CHINA PAKISTAN ECONOMIC CORRIDOR AND JAMMU & KASHMIR

Junaid-QureshiBy Junaid Qureshi
The impact of the China Pakistan Economic Corridor on the region is a very broad subject with many layers and interrelated dimensions. As a State Subject of the State of Jammu & Kashmir, I will mainly concentrate on the implications of this corridor on the State of Jammu & Kashmir and try to elaborate its effects on the people of this region and on the future of the wider Kashmir-Issue.

The people of Gilgit Baltistan are equal stakeholders in the Kashmir-Issue and are as much Kashmiri as the Kashmiris living in other parts of Junaid QureshiJ&K. Unfortunately, for all of their history they have been forgotten, neglected, insulted and exploited.

Throughout history, Pakistan has attempted to change the demographics of Gilgit Baltistan. The China Pakistan Economic Corridor can be best classified as deliberate attempt to carry this tradition forward and even aim to change the demographics of the actual Kashmir-Issue.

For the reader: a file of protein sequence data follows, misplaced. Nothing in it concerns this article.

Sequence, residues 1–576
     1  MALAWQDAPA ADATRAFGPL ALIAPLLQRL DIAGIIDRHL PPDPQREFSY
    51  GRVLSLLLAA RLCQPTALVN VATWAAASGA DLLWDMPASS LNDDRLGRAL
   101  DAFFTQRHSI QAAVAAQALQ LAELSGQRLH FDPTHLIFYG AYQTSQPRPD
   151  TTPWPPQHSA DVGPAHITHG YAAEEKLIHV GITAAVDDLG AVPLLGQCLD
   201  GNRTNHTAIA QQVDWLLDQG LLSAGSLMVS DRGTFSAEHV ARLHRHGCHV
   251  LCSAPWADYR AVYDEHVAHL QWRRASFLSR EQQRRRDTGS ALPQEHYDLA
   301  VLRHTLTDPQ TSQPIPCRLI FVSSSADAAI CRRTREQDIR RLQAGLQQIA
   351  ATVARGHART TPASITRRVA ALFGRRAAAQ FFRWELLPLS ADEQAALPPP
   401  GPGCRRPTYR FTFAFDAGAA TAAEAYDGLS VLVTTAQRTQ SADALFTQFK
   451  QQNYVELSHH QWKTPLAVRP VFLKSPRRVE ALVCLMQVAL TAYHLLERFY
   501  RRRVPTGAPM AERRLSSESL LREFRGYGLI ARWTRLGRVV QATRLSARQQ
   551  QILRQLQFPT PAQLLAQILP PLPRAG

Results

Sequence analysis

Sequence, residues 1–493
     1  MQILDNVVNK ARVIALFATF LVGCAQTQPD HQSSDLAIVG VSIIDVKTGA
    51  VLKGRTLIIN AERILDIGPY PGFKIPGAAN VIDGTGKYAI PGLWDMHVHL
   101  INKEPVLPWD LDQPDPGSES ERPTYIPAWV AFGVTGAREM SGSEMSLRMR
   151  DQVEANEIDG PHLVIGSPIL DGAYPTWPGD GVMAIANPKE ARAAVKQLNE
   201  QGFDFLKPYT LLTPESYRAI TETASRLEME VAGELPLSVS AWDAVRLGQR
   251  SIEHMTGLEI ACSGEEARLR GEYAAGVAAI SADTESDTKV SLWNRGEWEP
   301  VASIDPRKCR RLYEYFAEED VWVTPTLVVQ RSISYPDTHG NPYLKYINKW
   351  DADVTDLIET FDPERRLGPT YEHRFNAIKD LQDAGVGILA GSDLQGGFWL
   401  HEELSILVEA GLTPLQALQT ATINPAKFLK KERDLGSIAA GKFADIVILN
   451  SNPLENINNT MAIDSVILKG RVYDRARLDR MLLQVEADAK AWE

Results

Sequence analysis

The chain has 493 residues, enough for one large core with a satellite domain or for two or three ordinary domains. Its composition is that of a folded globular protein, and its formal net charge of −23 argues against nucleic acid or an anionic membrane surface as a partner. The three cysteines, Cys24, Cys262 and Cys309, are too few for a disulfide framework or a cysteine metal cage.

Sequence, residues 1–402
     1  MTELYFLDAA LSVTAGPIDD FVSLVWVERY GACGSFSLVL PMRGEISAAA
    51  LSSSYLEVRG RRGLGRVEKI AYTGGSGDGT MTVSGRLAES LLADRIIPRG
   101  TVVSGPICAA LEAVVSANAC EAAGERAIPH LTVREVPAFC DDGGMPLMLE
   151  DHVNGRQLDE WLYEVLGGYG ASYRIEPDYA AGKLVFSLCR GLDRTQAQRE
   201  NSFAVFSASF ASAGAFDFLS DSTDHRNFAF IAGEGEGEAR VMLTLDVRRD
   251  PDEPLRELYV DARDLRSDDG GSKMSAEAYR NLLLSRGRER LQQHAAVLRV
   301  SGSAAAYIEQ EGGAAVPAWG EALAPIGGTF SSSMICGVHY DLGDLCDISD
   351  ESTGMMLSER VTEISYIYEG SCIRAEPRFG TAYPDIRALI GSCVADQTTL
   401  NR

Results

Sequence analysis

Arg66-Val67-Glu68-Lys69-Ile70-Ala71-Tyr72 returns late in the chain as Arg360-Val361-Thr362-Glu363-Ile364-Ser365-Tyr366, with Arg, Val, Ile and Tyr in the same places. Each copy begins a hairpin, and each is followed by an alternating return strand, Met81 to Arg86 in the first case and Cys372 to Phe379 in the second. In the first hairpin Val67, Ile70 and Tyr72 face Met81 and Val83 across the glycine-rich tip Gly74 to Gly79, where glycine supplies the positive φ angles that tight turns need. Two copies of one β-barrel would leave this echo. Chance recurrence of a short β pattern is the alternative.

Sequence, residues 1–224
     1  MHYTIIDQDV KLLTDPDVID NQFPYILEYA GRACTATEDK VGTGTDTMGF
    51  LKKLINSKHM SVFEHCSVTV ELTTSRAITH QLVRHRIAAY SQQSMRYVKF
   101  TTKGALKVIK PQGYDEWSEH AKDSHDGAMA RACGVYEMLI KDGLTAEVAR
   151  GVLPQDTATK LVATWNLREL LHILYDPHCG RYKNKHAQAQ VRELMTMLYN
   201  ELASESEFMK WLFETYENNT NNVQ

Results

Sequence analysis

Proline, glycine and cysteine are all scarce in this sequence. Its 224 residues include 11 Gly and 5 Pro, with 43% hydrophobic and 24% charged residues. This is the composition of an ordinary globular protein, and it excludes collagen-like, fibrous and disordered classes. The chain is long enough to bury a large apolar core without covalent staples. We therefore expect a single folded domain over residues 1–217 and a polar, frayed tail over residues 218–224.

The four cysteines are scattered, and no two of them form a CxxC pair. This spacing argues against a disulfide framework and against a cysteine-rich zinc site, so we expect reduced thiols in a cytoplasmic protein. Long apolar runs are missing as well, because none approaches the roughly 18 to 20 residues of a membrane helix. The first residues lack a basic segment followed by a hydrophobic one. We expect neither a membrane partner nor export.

In 1949 the area of Gilgit Baltistan was named ‘The Northern Areas of Pakistan’ and put under the direct control of the Federal Ministry of Kashmir Affairs and Northern Areas Affairs, which de facto is run by Islamabad. Afterwards, it was Zulfiqar Ali Bhutto who abrogated the State Subject rule in this part of J&K. The next Pakistani ruler, Zia-ul-Haq, unleashed anti-Shia forces in the region during his term, which caused extreme socio-political polarisation in especially Skardu. After that, ‘Tribal Lashkars’ started the institutionalized abduction of women and massacred thousands of Shias in 1988.